"Beyond the Rain," Jess Granger

Pros: Very strong romance storyline; better-thought-out SF elements than some similar novels
Cons: SF world is flamboyantly operatic
Rating: 4 out of 5

Review book (uncorrected proof) courtesy of Penguin Group.
Expected publication date: 8/4/2009.


Captain Cyani is one of the Azralen Elite, the ruling sisterhood of her planet. She’s also an extremely capable warrior on her last mission before retiring—she must rescue captured soldiers from slavers. Of course, her carefully-laid mission plans go awry when her furry scout companion Vicca discovers, and insists on helping, one extra slave. A slave who belongs to a race Cyani isn’t familiar with, and who’s been horribly abused by his captors.

Soren is Byralen, a member of a highly reclusive race. The males of his species produce a powerful hormone that allows them to bond intensely with their chosen mates, but that hormone is highly prized as a narcotic. The slavers have been using Soren to produce their drugs for years, and his body chemistry is completely thrown as a result. If he doesn’t find a mate soon and restore the balance, he’ll die. If he doesn’t return to his own world, he’ll die. Cyani is determined to make sure he gets there and lives, but she doesn’t know all that it’ll take to succeed in her new mission. Not only is Soren on borrowed time, but he doesn’t know how to find his home planet, and Cyani’s own people will soon be working against her…


First, a disclaimer. Jess Granger’s Beyond the Rain is definitely at the fanciful space opera end of science fiction. If you’re into hard SF and find space opera too melodramatic or whatever, this won’t be your cup of tea! It has the wild firefights, the odd scattered varied humanoid races, the gadgets, the wise-yet-technologically-backward society, the backstabbing-technologically-forward society, the gratuitous fancy names (I’m pretty sure I never did find out how “skinboots” were any different from regular boots), and so on. But if you like space opera, there’s nothing wrong with any of that—it’s simply one of those reader taste things. I tend to like my SF a little more toward the hard end, but I definitely found this book solidly enjoyable.

I’m actually pretty happy with how the whole narcotic hormone plot played out. I rolled my eyes when I saw it, because the whole “bonding chemically and/or mystically with your one true mate” plot has been done to death at this point by Lora Leigh alone, let alone everyone else who joined in. However, there are a couple of changes here that made a real difference to me. In Granger’s version, free will is a real and serious factor. The situation narrows Soren’s choices, but biologically, the bonding takes place with a mate of one’s choosing, not some mysterious perfect match. It was a nice departure, and more satisfying emotionally. The consequences of this mysterious hormonal process are also examined, such as the desirability of Byralen males as slaves for producing narcotics. The emotional consequences for Soren of having his sexuality viewed in such a manner are also explored—the idea of someone desiring him starts out as a rather bitter thing. That alone was novel and a nice departure!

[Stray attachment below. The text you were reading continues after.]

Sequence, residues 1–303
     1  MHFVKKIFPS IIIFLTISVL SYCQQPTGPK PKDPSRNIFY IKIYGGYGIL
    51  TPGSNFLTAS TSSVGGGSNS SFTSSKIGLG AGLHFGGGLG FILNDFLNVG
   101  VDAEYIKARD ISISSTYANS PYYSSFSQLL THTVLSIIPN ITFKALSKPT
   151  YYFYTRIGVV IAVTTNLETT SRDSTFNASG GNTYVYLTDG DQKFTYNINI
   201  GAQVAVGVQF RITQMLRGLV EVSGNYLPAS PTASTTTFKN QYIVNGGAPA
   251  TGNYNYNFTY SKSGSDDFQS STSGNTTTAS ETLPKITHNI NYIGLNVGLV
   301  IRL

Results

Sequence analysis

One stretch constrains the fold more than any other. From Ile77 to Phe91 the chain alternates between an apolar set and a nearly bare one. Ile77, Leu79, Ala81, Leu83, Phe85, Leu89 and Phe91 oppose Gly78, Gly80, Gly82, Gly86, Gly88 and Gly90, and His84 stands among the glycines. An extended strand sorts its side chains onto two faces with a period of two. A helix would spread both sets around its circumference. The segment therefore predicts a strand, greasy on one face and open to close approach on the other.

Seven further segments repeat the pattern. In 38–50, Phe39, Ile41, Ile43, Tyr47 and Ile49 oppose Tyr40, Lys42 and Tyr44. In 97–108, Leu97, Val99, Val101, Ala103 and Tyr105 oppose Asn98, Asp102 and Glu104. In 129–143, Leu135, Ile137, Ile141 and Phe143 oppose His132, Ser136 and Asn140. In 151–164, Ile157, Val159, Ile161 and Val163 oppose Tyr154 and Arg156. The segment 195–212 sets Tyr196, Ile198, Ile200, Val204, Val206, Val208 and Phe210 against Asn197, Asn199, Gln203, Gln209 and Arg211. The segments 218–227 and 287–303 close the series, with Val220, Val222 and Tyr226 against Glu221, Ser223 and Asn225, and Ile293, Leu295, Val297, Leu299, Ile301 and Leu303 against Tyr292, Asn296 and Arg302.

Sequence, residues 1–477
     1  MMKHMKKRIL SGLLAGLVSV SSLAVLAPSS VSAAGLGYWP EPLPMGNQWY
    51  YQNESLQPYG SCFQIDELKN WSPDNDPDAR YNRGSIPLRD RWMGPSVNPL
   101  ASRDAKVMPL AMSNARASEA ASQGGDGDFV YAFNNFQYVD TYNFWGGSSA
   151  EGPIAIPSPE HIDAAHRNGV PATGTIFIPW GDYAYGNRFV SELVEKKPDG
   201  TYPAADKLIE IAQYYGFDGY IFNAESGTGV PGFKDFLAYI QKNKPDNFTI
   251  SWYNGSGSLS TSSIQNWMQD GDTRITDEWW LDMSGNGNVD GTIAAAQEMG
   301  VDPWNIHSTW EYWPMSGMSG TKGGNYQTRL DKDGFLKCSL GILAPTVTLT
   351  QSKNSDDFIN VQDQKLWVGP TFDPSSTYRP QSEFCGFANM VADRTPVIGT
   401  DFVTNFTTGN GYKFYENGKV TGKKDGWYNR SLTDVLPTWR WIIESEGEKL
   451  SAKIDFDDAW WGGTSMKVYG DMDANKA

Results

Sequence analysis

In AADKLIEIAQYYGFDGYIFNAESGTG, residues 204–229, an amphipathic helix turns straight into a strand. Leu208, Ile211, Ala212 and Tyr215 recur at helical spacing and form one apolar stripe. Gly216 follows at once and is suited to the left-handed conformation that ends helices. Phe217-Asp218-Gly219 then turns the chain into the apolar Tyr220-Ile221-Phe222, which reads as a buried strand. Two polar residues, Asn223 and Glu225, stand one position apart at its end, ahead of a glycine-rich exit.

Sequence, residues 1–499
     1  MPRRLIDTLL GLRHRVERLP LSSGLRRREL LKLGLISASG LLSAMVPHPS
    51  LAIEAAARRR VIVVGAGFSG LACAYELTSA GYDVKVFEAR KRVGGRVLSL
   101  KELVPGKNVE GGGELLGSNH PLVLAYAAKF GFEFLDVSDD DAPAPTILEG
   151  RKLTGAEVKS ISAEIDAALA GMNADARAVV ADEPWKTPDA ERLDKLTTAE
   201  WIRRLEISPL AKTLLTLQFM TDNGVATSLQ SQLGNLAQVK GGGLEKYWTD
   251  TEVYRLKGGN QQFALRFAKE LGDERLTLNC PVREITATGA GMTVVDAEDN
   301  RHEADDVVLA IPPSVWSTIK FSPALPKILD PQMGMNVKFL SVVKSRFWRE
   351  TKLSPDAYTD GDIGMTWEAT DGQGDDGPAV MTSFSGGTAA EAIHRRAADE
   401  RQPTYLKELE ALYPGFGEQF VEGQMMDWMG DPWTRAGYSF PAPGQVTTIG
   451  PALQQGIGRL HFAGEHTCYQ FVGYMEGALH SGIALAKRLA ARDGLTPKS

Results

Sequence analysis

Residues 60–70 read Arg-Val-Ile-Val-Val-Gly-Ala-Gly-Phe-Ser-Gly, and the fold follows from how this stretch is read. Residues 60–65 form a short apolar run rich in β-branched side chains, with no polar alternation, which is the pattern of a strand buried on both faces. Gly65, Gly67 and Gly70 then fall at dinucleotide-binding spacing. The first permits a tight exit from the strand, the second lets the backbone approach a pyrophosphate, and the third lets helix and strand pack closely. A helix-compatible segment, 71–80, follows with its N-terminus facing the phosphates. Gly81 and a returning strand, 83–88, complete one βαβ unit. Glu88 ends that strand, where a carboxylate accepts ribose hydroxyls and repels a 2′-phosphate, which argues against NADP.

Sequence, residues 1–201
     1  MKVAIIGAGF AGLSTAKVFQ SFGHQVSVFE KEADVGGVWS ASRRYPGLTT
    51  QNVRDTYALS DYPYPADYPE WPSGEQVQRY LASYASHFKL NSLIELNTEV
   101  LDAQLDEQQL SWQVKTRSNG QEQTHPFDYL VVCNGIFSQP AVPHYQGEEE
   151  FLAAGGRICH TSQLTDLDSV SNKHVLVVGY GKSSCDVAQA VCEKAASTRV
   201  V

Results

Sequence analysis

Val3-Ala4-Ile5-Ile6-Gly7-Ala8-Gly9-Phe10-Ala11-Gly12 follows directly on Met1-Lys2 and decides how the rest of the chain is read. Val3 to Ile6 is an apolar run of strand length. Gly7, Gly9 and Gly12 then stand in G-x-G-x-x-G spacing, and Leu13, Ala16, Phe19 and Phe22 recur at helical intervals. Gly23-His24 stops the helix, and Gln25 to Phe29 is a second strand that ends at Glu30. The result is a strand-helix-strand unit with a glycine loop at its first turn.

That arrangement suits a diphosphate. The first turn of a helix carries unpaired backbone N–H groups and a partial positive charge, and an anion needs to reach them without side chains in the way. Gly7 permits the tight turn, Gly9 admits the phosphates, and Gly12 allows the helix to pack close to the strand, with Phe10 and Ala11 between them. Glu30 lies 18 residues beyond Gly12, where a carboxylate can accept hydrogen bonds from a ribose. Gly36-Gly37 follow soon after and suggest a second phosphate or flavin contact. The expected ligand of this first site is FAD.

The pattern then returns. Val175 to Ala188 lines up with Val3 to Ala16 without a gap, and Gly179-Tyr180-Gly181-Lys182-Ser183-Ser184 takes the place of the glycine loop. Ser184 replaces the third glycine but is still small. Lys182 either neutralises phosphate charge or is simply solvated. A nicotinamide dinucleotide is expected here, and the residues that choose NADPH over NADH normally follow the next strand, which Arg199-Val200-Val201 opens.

Cyani and Soren are interesting characters. Cyani has a rather complex background that has left her very conflicted and somewhat traumatized in certain areas, although exceptionally strong as well. Soren’s life until his capture was quite sheltered, and his imprisonment has had its own consequences for him on many levels.

Beyond the Rain is strongest when it’s delving into the growing relationship between Cyani and Soren, exploring their attraction and caring for each other. I enjoyed the world, but found the occasional machinations and political plotting less interesting than the romance—and, err, that’s a little backward for me.

While I wouldn’t call this the strongest book of the Summer, it does a good job of filling a certain niche. It’s escapist space opera with a strong romance, some delicious sex, a forbidding dark background for each of the characters, and some fun firefights for good measure! [Standard adult material warning: explicit sex; adult topics such as rape are adressed.]

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3 comments on “"Beyond the Rain," Jess Granger
  1. Cami Secret says:

    Your Quote: “Captain Cyani is one of the Azralen Elite, the ruling sisterhood of her planet. She’s also an extremely capable warrior on her last mission before retiring—she must rescue captured soldiers from slavers.”

    Just this description makes me want to pick up this book for my iPad and give it a good read. I love stories about female heroines. I find them very captivating and kinda sexy at the same time. I guess powerful women do it for me.

    Corey Fischer

    • heather says:

      If you like this one, then I think you’d probably also enjoy Marcella Burnard’s “Enemy Within.” I read it much more recently, and felt it was kind of similar in style, but even better.

  2. Cami Secret says:

    hey, thanks for the suggestion Heather. I’ll check “Enemy Within” out 🙂

    Corey Fischer

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